It is "inevitable" that the UN climate change conference COP26 in Glasgow will cause disruption to day-to-day policing, a review has warned.
The event in November was postponed last year because of the pandemic.
About 10,000 officers from across the UK will be deployed each day during the conference, which is expected to attract 120 heads of state.
Police Scotland said it was "the most complex and complicated" event ever staged in Scotland.
HM Inspectorate of Constabulary in Scotland (HMICS) said the policing plans were "progressing well" for the event at Glasgow's Scottish Events Campus.
The watchdog body said: "Given the complexity and challenge of policing COP26, the size and scale of the event which will put exceptional demand on resources, HMICS believes it to be inevitable there will be an element of disruption in day-to-day policing."
Gill Imery, Chief Inspector of Constabulary in Scotland, said: "It will place significant demands across policing and necessitate the largest mass mobilisation of police officers that has taken place in the UK in many years.
"I am confident the leadership of Police Scotland, its officers and staff are committed to the effective and efficient policing of the event whilst maintaining delivery of business as usual and monitoring and supporting staff wellbeing."
COP26, or the 26th Conference of the Parties, is the key forum for countries all over the world to tackle climate change.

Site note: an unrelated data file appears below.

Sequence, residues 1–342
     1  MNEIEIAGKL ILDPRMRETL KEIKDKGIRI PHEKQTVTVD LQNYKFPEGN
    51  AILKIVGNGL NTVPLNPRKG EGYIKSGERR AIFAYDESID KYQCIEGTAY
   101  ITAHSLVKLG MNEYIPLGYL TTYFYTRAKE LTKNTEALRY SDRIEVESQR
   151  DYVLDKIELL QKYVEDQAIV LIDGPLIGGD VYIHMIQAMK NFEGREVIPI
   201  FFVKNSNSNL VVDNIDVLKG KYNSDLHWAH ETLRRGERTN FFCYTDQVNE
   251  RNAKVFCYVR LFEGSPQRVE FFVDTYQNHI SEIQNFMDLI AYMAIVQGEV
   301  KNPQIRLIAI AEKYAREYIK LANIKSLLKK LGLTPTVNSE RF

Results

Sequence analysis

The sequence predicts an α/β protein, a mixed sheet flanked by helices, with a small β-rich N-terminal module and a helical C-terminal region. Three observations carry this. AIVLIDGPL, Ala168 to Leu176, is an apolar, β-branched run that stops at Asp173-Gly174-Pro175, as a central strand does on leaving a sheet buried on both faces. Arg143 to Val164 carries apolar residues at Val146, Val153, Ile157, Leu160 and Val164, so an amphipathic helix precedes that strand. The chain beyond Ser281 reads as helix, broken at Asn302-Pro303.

It is hoped the meeting in Glasgow will see countries agree a number of key steps to deal with rising temperatures.
'Iconic world leaders'
Each member of the United Nations has been invited, meaning nearly 120 heads of state are expected to attend along with around 20,000 accredited delegates.
Assistant Chief Constable Bernard Higgins said the event will see "the greatest mass mobilisation of police officers from across the UK" for up to three weeks.
Mr Higgins said US President Joe Biden is among those confirmed to attend, while police believe Pope Francis could also travel to Glasgow.
He said: "If you take the two most iconic world leaders, the president and the pontiff, and put them in one place then the likelihood is that that will absolutely encourage a significant number of other world leaders to attend."
Mr Higgins said Police Scotland, which recently sent some of its officers to the G7 summit in Cornwall, is contributing 45% of the numbers required for COP26.
The huge security operation will involve local policing officers from each of Scotland's 13 divisions and specialist resources, such as firearms officers and dog handlers.